The earliest of the evangelists, Mark, reports that Jesus went up the mountain and “called whom he would to himself, and they came to him. And he made them Twelve, to be with him and to be sent to preach and to have authority to cast out demons.” (Mark 3:13). This solemn, but somewhat cryptic, announcement is followed by a list of names, which, with minor exceptions in terms of the actual individuals and their order in the lists, is repeated by both Matthew and Luke (Matt 10:2-4, Luke 6:13-16, Acts 1:13).
Both these later evangelists say that Jesus also called the 12 “apostles” (a term that received special currency and wider application in early Christian mission discourse, because of Paul’s claims with regard to his own right to be called an apostle, though not a member of the Twelve (1Cor 9:1-2, 1Cor 15:9). Thus, popular Christian vocabulary today makes no distinctions between “the 12 apostles” in earlier and later usage.
However, the evidence suggests that a distinctive group—simply known as the Twelve
—existed already during the ministry of Jesus and continued to be influential in the earliest days of the post-resurrection community in Jerusalem (1Cor 15:5). Indeed, according to Luke, one of the first decisions of the group gathered after the resurrection was to elect a new member to replace the traitor Judas; significantly, the conditions for election would have excluded Paul, since he had not been part of Jesus’ retinue from the baptism of John (Acts 1:21-22).
One saying of Jesus, which Matthew and Luke report in different settings, supplies the key to the Twelve’s importance. Peter asks what reward he and the others will have, and Jesus answers, “You who have followed me will also sit on twelve thrones, judging the twelve tribes of Israel” (Matt 19:28, also Luke 22:28-30). In other words, the Twelve had a symbolic role to play in Jesus’ ministry to Israel, indicating that the long-awaited restoration of the tribes was about to occur in and through that ministry.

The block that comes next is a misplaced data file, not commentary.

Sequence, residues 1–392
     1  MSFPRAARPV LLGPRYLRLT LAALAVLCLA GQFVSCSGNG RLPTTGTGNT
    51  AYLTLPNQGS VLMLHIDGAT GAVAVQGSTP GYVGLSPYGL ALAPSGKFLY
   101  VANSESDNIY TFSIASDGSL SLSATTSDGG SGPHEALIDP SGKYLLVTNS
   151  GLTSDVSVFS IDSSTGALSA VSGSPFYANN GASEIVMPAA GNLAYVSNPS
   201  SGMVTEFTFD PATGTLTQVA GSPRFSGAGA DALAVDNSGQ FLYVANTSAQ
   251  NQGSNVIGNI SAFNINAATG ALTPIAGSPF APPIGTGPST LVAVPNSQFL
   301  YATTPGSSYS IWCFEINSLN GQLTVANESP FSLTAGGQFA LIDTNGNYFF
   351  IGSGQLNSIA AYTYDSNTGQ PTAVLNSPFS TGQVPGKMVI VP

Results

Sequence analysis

Long before Israel had become a monarchy under David and Solomon, it consisted of a loose configuration of tribes who gathered together at a central sanctuary to renew their covenant commitment to the God who had liberated them from slavery (Josh 24). The number 12 was probably based on the old Babylonian calendar of 12 lunar months and suggested completion or wholeness.
However, the tribal confederation could not resist the centralizing power of the monarchy, and the subsequent loss of tribal territories to the Assyrians and Babylonians gave rise to an expectation of restoration of the allotted tribal lands in later Jewish descriptions of the messianic age.
Jesus’ choice of the Twelve, therefore, demonstrates his claims about the significance of his own movement. The memory of its origins was important to nascent Christianity, even though it did not retain the institution of the Twelve as part of its developing structures among the Gentile churches.
It is surely significant that later Judaism also drew on the symbolism of the Twelve by allowing the sign of the zodiac to adorn some synagogue floors as late as the fifth century C.E. This may have been a subtle form of religious competition between Jews and Christians in late antiquity, both sides claiming to have been founded on the symbolic association of the number 12. Whereas the Jews could point to the cosmic structure of the stars and seasons, the Christians recalled the action of Jesus in choosing 12 founding members and associated them with Israel’s tribal foundation story.